Over 80% of all products manufactured today in the chemical and pharmaceutical industries require the use of catalysts.
Catalysts are materials which themselves are not consumed within chemical reactions, but which serve to accelerate those reactions and set them on course to create the desired products. To date, the search for the optimal catalyst has been akin to hunting for a needle in a haystack, and is mostly driven by intuition and happy accident. However, in order to accelerate the discovery of optimal catalysts, the working group led by Prof. Bernhard Breit, Internal Senior Fellow of the FRIAS School of Soft Matter Research, has now developed an entirely new concept which allows these catalysts to be found much more easily than before.
The chemists have demonstrated this new technique using the enantioselective hydrogenation of alkenes as a model, and their results have recently been published in the online edition of Nature Chemistry.
The new process for generating and identifying catalysts uses a combinatorial approach where catalyst libraries are produced by simply mixing complementary components. In this case, catalytically active rhodium(I) centres are modified with phosphine ligands which bond to them. Here, precisely two phosphine ligands always bond to one rhodium centre, a process that the Freiburg chemists have been able to ensure by designing special phosphine ligands. Similar to the adenine (A) -- thymine (T) base pair in DNA, these ligands can form complementary hydrogen bonds with one another. By mixing twelve phosphine ligands with ten different complementary phosphine ligands and a metal salt, 120 self-assembling, defined molecular catalysts will form without any additional synthesis steps. In order to identify the most active and the most selective candidates from this catalyst library, the new principle of iterative deconvolution (unravelling) was developed. For this purpose, the entire library is divided into sub-libraries.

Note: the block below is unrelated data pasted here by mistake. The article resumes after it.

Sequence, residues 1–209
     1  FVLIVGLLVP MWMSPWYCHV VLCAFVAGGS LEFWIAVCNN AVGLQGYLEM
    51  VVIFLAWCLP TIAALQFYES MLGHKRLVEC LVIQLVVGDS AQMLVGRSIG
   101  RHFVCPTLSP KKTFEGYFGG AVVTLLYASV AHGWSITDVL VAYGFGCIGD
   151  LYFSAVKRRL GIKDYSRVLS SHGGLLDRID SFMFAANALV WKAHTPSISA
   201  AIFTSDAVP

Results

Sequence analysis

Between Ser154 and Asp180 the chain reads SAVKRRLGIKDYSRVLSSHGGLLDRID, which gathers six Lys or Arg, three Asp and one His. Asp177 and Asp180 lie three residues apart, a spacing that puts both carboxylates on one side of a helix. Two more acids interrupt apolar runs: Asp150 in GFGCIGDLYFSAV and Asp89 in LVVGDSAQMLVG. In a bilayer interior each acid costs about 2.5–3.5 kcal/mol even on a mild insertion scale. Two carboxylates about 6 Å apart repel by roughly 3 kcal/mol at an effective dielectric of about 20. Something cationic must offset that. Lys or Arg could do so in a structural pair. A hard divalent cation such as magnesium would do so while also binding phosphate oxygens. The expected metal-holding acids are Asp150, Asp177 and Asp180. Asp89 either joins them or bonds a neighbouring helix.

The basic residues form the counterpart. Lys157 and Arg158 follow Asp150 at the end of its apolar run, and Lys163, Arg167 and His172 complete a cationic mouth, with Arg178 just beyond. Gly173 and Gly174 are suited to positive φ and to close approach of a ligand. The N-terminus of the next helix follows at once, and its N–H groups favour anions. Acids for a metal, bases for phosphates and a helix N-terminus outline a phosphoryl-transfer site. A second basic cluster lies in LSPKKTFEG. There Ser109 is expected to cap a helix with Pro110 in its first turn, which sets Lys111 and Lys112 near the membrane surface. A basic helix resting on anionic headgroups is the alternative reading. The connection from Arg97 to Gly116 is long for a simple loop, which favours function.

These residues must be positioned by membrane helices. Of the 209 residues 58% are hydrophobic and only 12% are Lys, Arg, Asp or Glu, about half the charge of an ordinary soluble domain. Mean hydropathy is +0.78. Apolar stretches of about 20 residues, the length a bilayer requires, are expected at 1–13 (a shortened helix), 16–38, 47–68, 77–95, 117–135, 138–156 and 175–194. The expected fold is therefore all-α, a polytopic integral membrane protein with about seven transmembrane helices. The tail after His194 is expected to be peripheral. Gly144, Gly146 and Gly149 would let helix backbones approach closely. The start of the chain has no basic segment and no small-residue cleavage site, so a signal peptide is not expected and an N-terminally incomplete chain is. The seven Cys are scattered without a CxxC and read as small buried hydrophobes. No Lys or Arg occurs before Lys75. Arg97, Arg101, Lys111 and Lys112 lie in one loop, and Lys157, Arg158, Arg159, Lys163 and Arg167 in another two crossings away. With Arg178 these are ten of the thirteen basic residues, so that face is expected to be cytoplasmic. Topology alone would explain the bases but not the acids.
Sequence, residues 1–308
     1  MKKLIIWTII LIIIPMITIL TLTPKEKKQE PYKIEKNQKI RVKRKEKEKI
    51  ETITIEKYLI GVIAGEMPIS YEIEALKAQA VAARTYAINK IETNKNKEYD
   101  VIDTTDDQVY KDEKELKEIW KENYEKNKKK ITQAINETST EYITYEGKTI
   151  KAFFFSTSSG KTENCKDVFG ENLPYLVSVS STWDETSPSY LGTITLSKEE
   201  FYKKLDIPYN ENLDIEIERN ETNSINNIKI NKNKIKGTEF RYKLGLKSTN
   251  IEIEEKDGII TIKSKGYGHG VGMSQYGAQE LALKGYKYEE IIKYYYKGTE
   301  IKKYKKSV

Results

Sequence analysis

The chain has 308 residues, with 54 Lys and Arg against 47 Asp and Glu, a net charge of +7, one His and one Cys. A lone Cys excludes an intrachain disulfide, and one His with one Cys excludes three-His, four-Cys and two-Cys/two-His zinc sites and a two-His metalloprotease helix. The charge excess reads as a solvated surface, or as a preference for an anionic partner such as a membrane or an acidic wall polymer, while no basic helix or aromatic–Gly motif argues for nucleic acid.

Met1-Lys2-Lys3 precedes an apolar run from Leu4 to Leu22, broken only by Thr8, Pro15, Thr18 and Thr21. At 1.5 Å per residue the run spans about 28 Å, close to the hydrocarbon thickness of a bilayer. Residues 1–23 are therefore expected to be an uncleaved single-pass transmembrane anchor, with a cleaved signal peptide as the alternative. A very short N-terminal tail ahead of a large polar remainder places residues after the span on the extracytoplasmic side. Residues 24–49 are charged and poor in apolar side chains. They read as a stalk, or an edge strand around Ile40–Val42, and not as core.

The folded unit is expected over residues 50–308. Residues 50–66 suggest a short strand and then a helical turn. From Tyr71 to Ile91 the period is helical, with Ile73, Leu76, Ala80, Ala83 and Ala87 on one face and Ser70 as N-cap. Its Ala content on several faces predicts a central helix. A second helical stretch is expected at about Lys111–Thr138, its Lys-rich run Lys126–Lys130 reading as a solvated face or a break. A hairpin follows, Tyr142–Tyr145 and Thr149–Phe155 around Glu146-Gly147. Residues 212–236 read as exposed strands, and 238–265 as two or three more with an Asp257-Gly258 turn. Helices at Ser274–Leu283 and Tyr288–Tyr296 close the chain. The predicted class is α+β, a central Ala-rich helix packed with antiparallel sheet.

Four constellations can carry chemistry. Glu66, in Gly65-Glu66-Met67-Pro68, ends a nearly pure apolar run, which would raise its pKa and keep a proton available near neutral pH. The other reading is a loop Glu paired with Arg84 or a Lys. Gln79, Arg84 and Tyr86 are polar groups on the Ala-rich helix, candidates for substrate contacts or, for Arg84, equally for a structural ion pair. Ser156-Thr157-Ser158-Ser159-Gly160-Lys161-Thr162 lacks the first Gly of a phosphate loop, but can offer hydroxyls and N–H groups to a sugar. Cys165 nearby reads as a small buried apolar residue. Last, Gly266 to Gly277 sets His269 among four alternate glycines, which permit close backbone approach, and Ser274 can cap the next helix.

These sub-libraries of catalysts now compete against one another in each test reaction, with activity and, in this case, enantioselectivity(*) as the competition criteria. In the next step, the researchers focused exclusively on the sub-library which had achieved the best result in this competition (it must contain the most active and most selective catalysts), and then re-divided this sub-library into smaller units. These libraries then competed again in the same test reaction. This process was continued until the best individual catalysts were identified. Using this method, it was possible to identify excellent catalysts from a library of 120 by means of 17 individual experiments for each different class of substrate. This approach is clearly superior to the classic procedure in which all 120 catalysts must be tested in parallel (therefore entailing 120 experiments) and a corresponding number of reaction analyses performed. The approach is universally applicable and should be transferable to many problems associated with chemical and biochemical catalysis.
(*) Enantioselectivity: Enantiomers are chemical bonds which are entirely alike in all respects other than their physical structures, which in fact resemble an image and mirror image. Chemists refer to (-) and (+) enantiomers.
Enantioselectivity is the phenomenon whereby only one of the two enantiomers, either the image or mirror image, can participate in a chemical reaction, or if the end product is only present in one form -- either (-) or (+).
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